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Boatwrench
May 25th, 2010, 14:16
I recently bought an axle with an ARB and am now looking for a compressor, tank, safety relief valve for the tank, pressure regulator, etc. and have a few questions:

What is the working pressure for an ARB?

The air engages the locker, but is it cyclical? or does the solenoid allow pressure to engage the lockers and then release pressure to disengage?

Thanks.

Seiler
May 25th, 2010, 14:25
does the solenoid allow pressure to engage the lockers and then release pressure to disengage?

Thanks.

This. ARB Lockers require 95 to 115 lbs. of air pressure to operate.

Scott

Ronbo
May 25th, 2010, 14:31
or does the solenoid allow pressure to engage the lockers and then release pressure to disengage?


Yes.

RCP Phx
May 25th, 2010, 14:32
All 3 of my manuals say minimum 85psi,maximum 105psi.Their compressor is set at 85psi/on,100psi/off.

METAL MONKEY
May 25th, 2010, 17:59
I think they'll engage as low as 60psi (maybe not safely), but max is 105psi as stated above. I usually run mine between 80-90 psi.

FloydXJ
May 25th, 2010, 18:19
Make sure whatever compressor you use is using a pressure switch to keep it in that range. Also, it is a good practice to get the compressor and tank up to pressure before you plan on engaging, then flipping the locker/solenoid switch on after. Otherwise, flip them on and give it time to pressurize before continuing. If the locker is engaging when your tires are already turning different speeds, it can round the teeth on the engaging gear. It does not take many times of that (2 or 3) before the teeth are rounded off enough to slip when engaged, even at full pressure.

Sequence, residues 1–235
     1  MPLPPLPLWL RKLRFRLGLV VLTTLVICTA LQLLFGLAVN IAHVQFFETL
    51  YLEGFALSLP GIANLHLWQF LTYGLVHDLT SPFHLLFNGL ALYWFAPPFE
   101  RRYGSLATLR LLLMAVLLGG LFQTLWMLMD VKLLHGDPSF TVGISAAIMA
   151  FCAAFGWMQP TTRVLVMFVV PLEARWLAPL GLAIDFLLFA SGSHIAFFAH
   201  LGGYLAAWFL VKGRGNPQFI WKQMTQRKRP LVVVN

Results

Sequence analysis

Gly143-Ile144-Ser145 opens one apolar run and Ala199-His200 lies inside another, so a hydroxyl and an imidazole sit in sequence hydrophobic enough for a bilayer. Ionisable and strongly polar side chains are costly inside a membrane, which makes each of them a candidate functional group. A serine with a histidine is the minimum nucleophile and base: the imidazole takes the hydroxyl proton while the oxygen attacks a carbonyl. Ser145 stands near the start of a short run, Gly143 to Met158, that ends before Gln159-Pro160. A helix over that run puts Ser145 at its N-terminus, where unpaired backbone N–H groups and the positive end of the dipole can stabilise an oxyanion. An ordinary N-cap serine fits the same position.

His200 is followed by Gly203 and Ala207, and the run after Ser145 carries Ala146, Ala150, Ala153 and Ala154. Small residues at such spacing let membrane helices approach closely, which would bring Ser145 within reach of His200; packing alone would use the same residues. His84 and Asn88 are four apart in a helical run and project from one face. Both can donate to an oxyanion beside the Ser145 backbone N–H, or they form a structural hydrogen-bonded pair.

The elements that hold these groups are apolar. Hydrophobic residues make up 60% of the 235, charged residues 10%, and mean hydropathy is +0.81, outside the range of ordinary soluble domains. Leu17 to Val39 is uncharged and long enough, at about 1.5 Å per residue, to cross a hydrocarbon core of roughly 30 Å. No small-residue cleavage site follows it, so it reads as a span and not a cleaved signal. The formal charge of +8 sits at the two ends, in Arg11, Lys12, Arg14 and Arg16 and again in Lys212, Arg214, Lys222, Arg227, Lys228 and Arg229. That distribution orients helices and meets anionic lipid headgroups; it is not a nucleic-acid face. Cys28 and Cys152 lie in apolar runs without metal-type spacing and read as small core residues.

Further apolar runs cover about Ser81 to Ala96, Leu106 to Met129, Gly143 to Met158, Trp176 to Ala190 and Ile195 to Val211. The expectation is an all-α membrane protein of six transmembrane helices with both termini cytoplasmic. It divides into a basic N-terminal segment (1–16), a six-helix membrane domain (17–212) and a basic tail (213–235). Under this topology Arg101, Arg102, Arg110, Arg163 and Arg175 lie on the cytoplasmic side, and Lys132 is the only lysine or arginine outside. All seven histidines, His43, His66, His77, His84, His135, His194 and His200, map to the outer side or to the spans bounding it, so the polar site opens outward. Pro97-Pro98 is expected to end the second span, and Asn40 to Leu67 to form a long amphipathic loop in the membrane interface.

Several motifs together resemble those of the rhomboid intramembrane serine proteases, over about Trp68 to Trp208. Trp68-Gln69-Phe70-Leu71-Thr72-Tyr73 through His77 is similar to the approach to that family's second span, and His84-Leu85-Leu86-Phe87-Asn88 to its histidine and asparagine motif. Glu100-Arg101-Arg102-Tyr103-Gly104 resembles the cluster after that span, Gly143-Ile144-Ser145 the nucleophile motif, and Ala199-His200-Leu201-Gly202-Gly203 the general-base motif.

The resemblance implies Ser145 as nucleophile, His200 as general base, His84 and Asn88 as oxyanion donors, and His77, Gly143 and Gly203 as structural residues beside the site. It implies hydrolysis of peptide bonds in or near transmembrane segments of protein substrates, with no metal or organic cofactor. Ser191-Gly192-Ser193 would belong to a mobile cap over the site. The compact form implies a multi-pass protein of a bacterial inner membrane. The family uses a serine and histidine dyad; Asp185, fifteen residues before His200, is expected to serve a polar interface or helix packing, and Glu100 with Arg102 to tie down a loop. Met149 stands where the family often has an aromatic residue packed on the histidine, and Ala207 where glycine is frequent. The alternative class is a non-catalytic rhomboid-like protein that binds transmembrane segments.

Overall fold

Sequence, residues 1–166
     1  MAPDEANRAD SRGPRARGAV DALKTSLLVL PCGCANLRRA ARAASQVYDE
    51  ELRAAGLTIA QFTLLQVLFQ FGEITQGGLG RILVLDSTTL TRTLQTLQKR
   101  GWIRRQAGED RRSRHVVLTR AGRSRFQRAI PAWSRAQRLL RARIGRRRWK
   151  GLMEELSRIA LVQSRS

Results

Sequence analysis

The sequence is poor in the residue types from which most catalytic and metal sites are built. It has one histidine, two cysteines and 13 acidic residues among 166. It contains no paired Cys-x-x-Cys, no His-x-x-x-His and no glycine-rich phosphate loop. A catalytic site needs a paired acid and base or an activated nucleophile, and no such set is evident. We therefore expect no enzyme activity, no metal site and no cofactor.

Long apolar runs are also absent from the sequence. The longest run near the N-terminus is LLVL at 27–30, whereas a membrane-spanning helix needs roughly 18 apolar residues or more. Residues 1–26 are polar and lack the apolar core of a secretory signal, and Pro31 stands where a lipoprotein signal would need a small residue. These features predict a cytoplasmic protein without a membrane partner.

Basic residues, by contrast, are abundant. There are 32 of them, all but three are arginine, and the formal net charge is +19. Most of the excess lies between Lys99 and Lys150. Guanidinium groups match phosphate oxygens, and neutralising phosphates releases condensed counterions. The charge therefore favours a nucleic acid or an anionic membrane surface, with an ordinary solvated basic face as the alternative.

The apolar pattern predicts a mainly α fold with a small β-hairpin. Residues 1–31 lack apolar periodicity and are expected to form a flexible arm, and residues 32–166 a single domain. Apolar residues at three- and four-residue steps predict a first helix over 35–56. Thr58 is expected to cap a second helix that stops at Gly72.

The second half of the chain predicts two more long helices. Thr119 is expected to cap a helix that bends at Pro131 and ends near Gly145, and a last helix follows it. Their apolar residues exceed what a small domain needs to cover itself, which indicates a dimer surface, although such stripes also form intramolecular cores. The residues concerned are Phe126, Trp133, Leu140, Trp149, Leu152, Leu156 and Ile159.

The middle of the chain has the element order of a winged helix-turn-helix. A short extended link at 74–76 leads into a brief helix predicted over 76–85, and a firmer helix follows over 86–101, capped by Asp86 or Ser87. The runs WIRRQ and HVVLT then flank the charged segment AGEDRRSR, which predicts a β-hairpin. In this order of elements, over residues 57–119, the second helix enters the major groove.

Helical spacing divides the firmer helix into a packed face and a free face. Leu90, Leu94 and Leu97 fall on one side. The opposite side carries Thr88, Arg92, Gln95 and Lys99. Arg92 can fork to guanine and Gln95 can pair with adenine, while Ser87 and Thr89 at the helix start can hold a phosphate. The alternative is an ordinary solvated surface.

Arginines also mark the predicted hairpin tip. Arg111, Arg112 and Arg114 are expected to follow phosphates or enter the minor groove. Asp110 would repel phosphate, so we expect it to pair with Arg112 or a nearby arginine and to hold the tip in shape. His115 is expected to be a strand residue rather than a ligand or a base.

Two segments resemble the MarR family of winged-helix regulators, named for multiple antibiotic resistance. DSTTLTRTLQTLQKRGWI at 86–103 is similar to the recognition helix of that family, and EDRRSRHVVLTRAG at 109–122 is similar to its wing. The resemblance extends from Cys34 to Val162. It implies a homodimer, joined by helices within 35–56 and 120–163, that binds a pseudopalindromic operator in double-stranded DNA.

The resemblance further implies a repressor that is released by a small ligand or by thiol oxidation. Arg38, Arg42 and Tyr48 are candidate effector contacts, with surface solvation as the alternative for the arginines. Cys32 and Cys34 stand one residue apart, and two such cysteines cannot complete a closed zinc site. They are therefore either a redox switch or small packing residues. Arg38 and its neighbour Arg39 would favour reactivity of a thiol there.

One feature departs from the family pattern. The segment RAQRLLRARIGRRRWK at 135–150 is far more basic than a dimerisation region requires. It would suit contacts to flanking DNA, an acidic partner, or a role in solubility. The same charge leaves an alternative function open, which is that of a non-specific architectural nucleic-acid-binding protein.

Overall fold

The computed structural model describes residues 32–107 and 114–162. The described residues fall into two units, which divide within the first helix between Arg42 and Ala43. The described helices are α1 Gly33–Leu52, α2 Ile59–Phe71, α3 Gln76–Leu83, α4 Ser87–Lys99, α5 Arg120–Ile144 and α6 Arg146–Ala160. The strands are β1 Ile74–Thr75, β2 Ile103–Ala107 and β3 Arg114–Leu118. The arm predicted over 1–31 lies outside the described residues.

Fortunately, they are built to round off the teeth of a fairly easily removable gear, but who wants to pull a diff apart more often than never? :rof:

JeepFreak21
May 26th, 2010, 13:22
This. ARB Lockers require 95 to 115 lbs. of air pressure to operate.

Scott

The pressure depends on the model. I'd call ARB to be sure. I've got my (older) D44 and D60 models regulated at 90PSI.
Billy

Kevin3151
May 26th, 2010, 21:33
I run mine up at 120. Its fine there. Do some reading on Pirate about this, the race guys are running them at really high pressures, most of us dont need it that high.

This quote was stolen from Pirate and ARB. I did not write it.

KH (see below)

"- Higher pressure is a positive thing. It relates to flow (flow=locking time) and locking force. Stock ARB compressor pressure is 70-105 PSI. We trialled 100-125 PSI and got a minimum of 300% more crash-lock cycles out of a clutch gear. We also ran 120-150 PSI and got even more still. We can't formally endorse this until we finish testing its effects on the seals over long distance driving (long distance wouldn't even apply to most of you guys - it's more of an Oz thing) but this is by far the #1 biggest improvement we have found. If anyone wants to push the enevelope on this concept then note the following - Our solenoids are rated to 150 but have been tested successfully to 170 - All of our compressors are performance tested to over 200 PSI but the safety valve will bleed out at just over 160 PSI - our air lines are good to 300 PSI - our seals (O-rings/X-rings/bonded seals) are all good to over 700 PSI static/??? dynamic."

fyrfytr1717
May 26th, 2010, 22:45
Interesting info. From what I gather from that quote, the locker's mechanical parts will actually hold up better when run at higher pressure, it's just a question of whether or not the seals on the locking mechanism will handle long distance driving while under pressure.

I run my OBA system at 150 and use a regulator to dial down the pressure to the ARB's. I guess I won't worry so much about the regulator being set too high now.